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Investigating The President

Legal analysts: Clinton rebuttal unconvincing

In this story:

WASHINGTON (CNN) -- As details of possibly impeachable offenses by President Clinton were being released, some legal analysts said they did not think that the immediate White House rebuttal would be convincing to Congress and the public.

Clinton, Lewinsky

"Regardless of what the president says, I think he was deceitful," said Greta Van Susteren, co-host of the CNN legal affairs program "Burden of Proof."

She said lawmakers who'll decide whether to bring impeachment charges against Clinton will have to ask themselves whether "deceit on this personal, sexual matter (will) inhibit his ability to perform as president."

The 73-page rebuttal written by Clinton's personal attorney David Kendall and White House Counsel Charles Ruff and their associates was released by the White House less than an hour after the House voted to make public the findings of Independent Counsel Ken Starr.

His report accuses Clinton of 11 impeachable offenses. Among them: perjury, obstruction of justice, witness tampering and abuse of presidential power in his effort to conceal a sexual relationship with former White House intern Monica Lewinsky.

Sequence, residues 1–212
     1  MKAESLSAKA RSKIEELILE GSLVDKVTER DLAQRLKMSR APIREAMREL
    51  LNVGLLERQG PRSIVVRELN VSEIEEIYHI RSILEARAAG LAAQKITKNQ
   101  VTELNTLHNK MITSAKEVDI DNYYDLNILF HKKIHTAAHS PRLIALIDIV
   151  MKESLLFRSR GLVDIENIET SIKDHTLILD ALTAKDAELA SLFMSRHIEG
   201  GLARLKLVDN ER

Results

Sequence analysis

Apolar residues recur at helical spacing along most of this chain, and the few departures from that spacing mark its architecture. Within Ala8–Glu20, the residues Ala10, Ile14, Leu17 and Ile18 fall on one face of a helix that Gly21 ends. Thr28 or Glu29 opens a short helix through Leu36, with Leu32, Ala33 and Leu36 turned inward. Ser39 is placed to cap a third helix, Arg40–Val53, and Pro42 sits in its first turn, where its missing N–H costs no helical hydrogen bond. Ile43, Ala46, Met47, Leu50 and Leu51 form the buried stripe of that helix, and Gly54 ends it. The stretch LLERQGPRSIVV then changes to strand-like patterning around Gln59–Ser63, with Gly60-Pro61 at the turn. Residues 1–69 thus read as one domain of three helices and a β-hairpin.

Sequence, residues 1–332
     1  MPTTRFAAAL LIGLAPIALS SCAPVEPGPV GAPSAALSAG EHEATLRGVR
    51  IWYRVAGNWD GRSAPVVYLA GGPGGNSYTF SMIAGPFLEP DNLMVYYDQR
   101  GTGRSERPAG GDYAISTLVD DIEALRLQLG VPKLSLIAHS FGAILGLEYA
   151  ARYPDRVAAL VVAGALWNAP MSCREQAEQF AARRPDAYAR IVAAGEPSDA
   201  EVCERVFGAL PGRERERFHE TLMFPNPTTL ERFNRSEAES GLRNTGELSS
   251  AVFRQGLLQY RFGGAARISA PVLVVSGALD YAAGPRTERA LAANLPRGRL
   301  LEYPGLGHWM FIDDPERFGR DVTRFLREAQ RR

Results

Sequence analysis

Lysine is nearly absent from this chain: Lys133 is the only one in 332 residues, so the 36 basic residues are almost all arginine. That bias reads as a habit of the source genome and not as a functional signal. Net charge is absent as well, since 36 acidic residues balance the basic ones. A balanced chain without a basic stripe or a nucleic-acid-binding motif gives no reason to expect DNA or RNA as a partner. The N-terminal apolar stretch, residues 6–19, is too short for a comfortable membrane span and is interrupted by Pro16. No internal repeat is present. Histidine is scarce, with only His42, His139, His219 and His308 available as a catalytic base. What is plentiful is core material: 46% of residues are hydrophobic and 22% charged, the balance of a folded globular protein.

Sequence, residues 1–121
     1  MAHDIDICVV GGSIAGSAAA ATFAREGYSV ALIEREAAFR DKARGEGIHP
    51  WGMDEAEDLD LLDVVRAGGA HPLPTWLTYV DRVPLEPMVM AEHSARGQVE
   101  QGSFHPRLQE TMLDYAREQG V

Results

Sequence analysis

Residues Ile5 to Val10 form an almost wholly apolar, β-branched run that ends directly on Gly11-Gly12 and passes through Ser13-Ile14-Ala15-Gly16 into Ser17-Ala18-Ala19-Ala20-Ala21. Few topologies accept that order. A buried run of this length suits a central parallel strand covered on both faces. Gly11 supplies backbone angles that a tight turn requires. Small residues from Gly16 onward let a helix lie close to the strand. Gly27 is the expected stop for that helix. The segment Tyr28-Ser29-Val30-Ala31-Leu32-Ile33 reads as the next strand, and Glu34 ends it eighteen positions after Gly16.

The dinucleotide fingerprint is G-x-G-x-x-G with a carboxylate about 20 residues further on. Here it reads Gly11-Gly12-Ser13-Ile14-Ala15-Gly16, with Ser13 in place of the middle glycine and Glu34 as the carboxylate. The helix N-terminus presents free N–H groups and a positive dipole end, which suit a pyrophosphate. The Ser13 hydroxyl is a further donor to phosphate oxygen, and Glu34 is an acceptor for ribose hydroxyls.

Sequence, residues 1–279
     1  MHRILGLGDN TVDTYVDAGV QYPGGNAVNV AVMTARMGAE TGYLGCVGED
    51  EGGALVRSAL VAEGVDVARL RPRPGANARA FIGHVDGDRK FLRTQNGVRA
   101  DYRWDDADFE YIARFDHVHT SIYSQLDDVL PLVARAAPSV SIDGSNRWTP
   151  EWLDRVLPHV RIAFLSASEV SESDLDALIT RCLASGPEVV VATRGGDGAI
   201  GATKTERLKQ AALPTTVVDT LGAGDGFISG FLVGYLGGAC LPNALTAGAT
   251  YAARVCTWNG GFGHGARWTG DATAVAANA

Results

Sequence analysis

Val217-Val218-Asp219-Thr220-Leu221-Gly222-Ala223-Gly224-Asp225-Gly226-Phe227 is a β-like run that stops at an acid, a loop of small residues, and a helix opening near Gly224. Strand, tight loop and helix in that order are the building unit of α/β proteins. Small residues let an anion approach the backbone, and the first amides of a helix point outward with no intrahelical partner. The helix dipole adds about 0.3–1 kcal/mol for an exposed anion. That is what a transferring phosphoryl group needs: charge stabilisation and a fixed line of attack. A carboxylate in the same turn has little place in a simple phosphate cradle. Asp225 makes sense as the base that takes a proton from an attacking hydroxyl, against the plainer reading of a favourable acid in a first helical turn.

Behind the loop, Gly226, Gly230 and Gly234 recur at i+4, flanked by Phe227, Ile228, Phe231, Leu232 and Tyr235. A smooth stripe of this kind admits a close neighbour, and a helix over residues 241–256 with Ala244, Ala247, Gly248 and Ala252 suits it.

'Weaseling around'

Clinton publicly denied eight months ago that he had had sexual relations with Lewinsky but then in August admitted that he had had an improper relationship. But the White House rebuttal said the president did not commit perjury.

"These encounters did not consist of sexual intercourse, and they did not consist of 'sexual relations' as he understood that term to be defined" in his testimony last January in the Paula Jones sexual harassment lawsuit against him, the White House rebuttal said.

But "Burden of Proof" co-host Roger Cossack rejected the fine legal line the White House was using in Clinton's defense.

"The part of this report that I've had the most difficulty with... is what I consider to be weaseling around about whether or not this was sexual intercourse or not sexual intercourse," said the CNN legal analyst.

The argument that Clinton didn't lie in January because his sexual involvement didn't involve intercourse won't be accepted by the public, Cossack said. "I don't think it's going to wash."

Sexual detail not necessary

Starr's report contains detailed descriptions of the president's sexual encounters but that information "doesn't add to the inquiry," Van Susteren said.

"The only issue is whether or not there are (impeachable offenses) and that will be up to Congress to decide."



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Friday September 11, 1998

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